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High Commissioner's visit to Chad/Sudan

Briefing notes

High Commissioner's visit to Chad/Sudan

28 September 2004

The High Commissioner is in Sudan's capital of Khartoum today on the last leg of a five-day mission to Chad and Sudan to see the situation of refugees and displaced people from the strife-torn Darfur region. Later this morning, the High Commissioner is scheduled to meet senior government officials where he will press home the urgent need to end the continuing violence in Darfur and reduce the enormous gap of mistrust between the displaced and the authorities.

Major donors from the US, Japan, the European Union and Germany are accompanying Mr Lubbers on the trip. These donors account for the majority of the contributions to UNHCR's operations in Chad and other programmes.

On Sunday and Monday, Mr Lubbers visited two IDP camps in Darfur, near El Geneina and another one, Seliah, about 100km north of the regional capital. These camps are not run by UNHCR. Displaced people at Seliah told the High Commissioner of ongoing attacks if they left the camp and said up to three Darfurians had been killed by militia men outside the camp over the past few days. Mr Lubbers called for a complete end to violence and for the government to work with international agencies to rebuild confidence. He told the governor of West Darfur Abdalla Sulaiman Adam, the presence of international agencies helped signal to everyone on the ground that there should be no more violence. He also said through the provision of assistance and protection by international organisations the uprooted people in Darfur could gain confidence not to flee.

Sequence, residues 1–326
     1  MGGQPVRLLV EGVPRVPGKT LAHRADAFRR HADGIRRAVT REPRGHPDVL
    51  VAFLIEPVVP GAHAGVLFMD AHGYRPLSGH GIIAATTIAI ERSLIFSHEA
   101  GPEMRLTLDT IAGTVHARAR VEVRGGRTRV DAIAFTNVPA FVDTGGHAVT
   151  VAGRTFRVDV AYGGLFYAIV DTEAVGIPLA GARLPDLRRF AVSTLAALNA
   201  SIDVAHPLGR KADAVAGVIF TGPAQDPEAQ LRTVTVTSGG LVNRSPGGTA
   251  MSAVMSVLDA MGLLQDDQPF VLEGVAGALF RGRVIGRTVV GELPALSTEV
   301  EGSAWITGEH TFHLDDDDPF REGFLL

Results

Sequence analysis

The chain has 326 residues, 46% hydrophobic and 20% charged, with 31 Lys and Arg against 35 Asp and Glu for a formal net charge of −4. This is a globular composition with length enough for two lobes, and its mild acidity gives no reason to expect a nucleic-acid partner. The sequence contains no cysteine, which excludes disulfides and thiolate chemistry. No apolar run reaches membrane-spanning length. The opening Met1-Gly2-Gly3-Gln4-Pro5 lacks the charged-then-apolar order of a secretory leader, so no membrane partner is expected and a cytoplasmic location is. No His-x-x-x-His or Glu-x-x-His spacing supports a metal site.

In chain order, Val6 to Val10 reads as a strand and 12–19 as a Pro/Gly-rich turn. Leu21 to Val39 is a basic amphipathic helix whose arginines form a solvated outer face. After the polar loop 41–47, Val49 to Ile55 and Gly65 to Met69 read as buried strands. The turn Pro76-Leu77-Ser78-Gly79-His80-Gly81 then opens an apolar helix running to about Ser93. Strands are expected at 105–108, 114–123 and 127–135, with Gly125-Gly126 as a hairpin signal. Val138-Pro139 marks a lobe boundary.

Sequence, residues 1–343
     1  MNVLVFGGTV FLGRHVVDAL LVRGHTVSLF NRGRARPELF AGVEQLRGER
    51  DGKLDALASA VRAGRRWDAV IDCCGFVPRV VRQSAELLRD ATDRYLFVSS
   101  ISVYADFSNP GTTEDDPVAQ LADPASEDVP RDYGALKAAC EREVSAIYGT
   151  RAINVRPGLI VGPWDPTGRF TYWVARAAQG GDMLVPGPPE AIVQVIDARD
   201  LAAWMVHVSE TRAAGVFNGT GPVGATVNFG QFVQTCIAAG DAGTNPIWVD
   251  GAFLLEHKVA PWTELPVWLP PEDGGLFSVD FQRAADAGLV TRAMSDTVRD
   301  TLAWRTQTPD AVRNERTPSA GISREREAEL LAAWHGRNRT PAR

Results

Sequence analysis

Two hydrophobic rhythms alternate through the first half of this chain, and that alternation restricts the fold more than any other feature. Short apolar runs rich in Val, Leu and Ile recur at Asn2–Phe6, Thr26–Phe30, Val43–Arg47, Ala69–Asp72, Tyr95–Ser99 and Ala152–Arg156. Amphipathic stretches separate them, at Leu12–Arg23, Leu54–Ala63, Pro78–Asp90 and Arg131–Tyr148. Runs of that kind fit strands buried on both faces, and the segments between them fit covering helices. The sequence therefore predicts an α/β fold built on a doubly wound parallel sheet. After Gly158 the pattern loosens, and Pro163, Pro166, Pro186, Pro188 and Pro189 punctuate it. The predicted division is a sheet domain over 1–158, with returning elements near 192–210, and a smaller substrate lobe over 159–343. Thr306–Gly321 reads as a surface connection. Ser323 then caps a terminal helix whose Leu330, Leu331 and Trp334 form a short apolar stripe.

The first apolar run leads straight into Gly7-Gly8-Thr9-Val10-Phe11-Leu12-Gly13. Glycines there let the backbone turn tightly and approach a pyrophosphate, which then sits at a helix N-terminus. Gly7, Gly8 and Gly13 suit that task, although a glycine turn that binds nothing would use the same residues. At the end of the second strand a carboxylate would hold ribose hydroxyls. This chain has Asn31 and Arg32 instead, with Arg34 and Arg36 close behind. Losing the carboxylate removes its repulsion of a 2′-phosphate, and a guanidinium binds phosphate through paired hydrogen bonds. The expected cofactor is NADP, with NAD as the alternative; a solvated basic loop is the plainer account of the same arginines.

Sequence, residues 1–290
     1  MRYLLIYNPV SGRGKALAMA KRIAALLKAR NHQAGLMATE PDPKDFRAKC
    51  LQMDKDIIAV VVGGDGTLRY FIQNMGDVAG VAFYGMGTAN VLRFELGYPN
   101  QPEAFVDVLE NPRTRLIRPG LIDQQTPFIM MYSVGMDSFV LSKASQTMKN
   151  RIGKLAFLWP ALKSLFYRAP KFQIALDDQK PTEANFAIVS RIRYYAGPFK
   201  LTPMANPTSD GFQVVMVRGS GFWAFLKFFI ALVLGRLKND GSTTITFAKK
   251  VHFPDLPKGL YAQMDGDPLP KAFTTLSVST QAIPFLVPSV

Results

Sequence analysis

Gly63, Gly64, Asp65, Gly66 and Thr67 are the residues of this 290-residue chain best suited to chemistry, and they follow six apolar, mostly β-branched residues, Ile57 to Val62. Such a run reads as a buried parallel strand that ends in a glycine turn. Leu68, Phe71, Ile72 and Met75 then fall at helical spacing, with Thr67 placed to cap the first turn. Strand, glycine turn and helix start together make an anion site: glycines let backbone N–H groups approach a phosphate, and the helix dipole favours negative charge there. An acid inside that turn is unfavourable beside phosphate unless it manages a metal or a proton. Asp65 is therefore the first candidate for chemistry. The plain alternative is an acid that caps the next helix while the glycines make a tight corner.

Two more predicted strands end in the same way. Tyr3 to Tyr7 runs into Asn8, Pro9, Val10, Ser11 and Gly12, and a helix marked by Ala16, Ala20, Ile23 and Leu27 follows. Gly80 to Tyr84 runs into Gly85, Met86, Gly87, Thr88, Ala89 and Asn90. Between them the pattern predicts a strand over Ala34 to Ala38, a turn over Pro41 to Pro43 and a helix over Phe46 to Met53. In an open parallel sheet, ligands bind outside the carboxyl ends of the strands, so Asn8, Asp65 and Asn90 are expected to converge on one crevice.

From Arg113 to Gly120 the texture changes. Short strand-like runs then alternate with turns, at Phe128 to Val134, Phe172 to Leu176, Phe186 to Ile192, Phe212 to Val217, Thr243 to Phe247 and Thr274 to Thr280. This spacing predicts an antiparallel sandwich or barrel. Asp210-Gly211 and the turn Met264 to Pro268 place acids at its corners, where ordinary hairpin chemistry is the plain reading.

Before flying to El Geneina on Sunday, Mr Lubbers visited two of UNHCR's nine refugee camps in eastern Chad, and expressed concern about the rising level of tension between refugees and the local, impoverished population over resources such as firewood and grazing land. He announced a number of UNHCR-financed projects aimed at helping local people living near the refugee camps. These include generators for the hospitals at Goz Beida and Adré, the reconstruction of the local school in Bahai, the rebuilding of the water tower in Tine on the Sudanese border, and drilling a borehole for the hospital at Guéréda. A blanket supplementary feeding programme for children under five and pregnant and lactating women, which was launched in August, is also targeting Chadian villagers living near the refugee camps.